Hydro Automotive is a typical auto parts manufacturer: it has a union and its collective bargaining agreement provides benefits to retirees. As health and welfare costs continue to increase, the company announced in late 2010 that, beginning in 2011 it would no longer provide retiree health benefits to all employees who retired on or after November 8, 1990. According to Hydro, none of its collective bargaining agreements signed after that date obligated the company to provide retirees with health benefits. Hydro also denied that employees who retired before that date had a vested interest in their health benefits, but did not try to cancel those benefits.

The union claimed that all retirees had a vested right in the health benefits and filed two class actions against Hydro. The first challenged the expiration of retiree health benefits for all workers who retired after November 8, 1990. The second suit alleged that the health benefits included a vested prescription drug benefit to be provided at no cost to the retirees. These two lawsuits ultimately settled.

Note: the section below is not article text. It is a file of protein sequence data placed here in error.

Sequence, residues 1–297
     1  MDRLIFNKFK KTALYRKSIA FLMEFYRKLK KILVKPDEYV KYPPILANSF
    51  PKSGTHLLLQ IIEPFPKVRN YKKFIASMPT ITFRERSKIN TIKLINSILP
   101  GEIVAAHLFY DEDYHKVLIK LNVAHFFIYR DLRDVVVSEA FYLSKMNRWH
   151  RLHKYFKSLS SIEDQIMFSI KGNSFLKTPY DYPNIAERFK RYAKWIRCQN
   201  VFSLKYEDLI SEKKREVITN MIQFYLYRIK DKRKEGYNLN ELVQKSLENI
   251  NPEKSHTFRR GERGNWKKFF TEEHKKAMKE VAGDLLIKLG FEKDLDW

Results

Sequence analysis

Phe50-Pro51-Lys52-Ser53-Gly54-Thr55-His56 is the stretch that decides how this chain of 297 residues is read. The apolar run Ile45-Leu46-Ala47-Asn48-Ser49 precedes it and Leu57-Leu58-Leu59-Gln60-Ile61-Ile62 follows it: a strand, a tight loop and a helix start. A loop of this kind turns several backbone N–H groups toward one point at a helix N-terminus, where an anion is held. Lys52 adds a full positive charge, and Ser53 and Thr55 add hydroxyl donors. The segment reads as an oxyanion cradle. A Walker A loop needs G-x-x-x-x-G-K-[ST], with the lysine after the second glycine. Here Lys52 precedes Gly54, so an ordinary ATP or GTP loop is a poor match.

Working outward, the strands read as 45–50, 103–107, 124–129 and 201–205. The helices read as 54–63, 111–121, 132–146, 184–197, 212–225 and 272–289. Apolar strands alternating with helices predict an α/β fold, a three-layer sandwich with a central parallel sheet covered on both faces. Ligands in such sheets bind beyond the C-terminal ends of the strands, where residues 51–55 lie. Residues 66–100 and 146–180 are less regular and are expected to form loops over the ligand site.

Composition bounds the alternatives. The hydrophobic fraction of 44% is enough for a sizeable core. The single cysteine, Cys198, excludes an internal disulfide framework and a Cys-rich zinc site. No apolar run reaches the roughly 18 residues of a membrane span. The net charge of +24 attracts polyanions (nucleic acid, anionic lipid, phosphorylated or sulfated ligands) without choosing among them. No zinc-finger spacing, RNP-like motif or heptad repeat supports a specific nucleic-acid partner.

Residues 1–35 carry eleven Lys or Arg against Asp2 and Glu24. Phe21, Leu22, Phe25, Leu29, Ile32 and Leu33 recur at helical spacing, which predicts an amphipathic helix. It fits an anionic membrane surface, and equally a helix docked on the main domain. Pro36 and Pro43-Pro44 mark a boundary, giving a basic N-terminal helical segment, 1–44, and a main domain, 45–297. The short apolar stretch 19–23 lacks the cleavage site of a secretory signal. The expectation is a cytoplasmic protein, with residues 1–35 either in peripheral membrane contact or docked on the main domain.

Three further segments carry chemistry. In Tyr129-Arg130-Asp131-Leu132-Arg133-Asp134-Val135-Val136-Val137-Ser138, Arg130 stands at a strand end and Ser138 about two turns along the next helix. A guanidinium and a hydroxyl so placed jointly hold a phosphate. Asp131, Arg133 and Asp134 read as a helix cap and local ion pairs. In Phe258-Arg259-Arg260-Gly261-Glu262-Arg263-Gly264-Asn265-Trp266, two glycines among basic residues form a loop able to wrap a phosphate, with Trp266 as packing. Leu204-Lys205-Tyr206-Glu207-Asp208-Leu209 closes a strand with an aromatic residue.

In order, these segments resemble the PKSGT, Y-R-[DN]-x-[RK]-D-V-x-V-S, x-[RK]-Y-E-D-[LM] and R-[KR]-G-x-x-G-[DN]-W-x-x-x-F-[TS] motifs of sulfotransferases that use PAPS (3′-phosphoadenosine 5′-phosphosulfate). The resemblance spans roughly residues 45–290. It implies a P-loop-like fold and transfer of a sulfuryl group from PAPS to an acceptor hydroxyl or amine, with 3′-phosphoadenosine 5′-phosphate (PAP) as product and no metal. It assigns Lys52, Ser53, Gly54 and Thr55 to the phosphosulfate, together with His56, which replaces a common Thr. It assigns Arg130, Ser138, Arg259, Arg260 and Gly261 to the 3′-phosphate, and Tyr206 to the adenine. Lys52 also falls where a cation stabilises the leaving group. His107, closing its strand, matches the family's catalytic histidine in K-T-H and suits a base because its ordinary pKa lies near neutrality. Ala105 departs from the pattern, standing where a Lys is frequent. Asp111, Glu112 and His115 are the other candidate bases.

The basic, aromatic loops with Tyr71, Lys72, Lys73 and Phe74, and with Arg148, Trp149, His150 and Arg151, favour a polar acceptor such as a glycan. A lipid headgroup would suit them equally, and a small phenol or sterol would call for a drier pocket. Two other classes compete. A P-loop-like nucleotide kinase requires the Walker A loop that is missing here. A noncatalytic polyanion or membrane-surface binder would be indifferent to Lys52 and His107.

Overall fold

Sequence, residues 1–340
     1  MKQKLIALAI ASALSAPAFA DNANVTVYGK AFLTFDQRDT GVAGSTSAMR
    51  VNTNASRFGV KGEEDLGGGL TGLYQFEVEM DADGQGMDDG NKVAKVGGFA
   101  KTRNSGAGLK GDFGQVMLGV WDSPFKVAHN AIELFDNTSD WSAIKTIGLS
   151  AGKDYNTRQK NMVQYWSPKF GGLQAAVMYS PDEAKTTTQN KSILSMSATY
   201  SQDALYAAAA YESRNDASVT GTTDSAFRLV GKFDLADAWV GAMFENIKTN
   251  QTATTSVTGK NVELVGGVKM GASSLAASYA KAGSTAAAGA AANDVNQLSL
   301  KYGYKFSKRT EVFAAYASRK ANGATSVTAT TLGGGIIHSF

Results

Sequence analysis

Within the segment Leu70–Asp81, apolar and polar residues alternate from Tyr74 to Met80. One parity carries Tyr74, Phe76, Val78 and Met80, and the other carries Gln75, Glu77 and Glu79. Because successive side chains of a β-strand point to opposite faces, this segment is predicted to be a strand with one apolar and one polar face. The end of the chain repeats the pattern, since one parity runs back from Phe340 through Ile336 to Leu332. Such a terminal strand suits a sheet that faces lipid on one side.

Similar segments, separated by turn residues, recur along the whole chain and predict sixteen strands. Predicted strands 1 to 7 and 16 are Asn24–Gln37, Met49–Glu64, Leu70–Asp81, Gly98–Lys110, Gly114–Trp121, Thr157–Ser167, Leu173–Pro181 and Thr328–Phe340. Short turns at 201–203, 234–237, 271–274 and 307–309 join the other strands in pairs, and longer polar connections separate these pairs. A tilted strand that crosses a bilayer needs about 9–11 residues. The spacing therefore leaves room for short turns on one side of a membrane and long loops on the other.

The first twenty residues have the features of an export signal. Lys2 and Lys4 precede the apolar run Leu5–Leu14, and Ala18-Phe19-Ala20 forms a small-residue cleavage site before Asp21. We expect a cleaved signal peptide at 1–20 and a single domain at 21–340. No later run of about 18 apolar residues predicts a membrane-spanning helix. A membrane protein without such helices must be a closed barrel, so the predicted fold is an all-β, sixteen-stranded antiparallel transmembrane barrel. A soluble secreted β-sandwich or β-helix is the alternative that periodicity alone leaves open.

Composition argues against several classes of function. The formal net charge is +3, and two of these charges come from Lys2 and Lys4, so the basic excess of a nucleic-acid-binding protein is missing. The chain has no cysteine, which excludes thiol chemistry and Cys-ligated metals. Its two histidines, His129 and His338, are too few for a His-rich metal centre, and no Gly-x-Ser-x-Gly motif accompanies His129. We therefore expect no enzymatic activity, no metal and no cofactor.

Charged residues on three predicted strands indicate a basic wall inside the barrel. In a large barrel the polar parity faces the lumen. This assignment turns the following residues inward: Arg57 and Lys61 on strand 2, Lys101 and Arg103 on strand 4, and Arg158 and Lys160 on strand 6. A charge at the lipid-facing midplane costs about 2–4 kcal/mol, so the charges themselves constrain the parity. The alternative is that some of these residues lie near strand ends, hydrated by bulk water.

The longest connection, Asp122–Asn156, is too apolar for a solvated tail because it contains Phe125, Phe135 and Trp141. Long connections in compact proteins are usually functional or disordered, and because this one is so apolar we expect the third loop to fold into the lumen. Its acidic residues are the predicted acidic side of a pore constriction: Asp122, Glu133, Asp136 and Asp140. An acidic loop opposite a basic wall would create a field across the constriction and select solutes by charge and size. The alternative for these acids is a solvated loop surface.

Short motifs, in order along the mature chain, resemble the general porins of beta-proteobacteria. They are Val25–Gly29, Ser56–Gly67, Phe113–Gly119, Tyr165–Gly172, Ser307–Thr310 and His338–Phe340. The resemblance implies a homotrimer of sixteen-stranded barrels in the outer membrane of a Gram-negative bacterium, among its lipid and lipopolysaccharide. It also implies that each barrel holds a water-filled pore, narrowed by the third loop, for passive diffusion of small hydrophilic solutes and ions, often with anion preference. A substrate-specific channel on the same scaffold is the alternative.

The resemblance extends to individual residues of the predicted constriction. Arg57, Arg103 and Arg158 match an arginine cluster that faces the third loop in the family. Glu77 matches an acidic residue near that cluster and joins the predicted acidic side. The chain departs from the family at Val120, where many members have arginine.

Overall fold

According to the settlement, employees who retired before November 8, 1990 would receive lifetime health benefits, including no-cost prescription drug coverage and 50% of the costs for their medical and hospitalization coverage.

Employees who retired after November 8, 1990 and who were receiving retiree benefits until Hydro’s unilateral cancellation, hit a modified version of the lottery; they could take a lump sum pay out or monthly draws. Retirees choosing a monthly draw would receive $110 per month for life if they were Medicare eligible or $160 per month until they became Medicare eligible and then $110 per month for life. Or, they could receive a lump-sum payment of either $11,500 or $13,000 respectively in lieu of monthly payments.

There were some additional settlement provisions, but the take away from this case is that companies must be absolutely clear that they do not have express or implied lifetime benefits clauses for retirees in their collective bargaining agreements. As health care costs and the number of retirees continue to rise sharply, and companies seek non-traditional ways of curbing costs, these lawsuits will, unfortunately, become commonplace.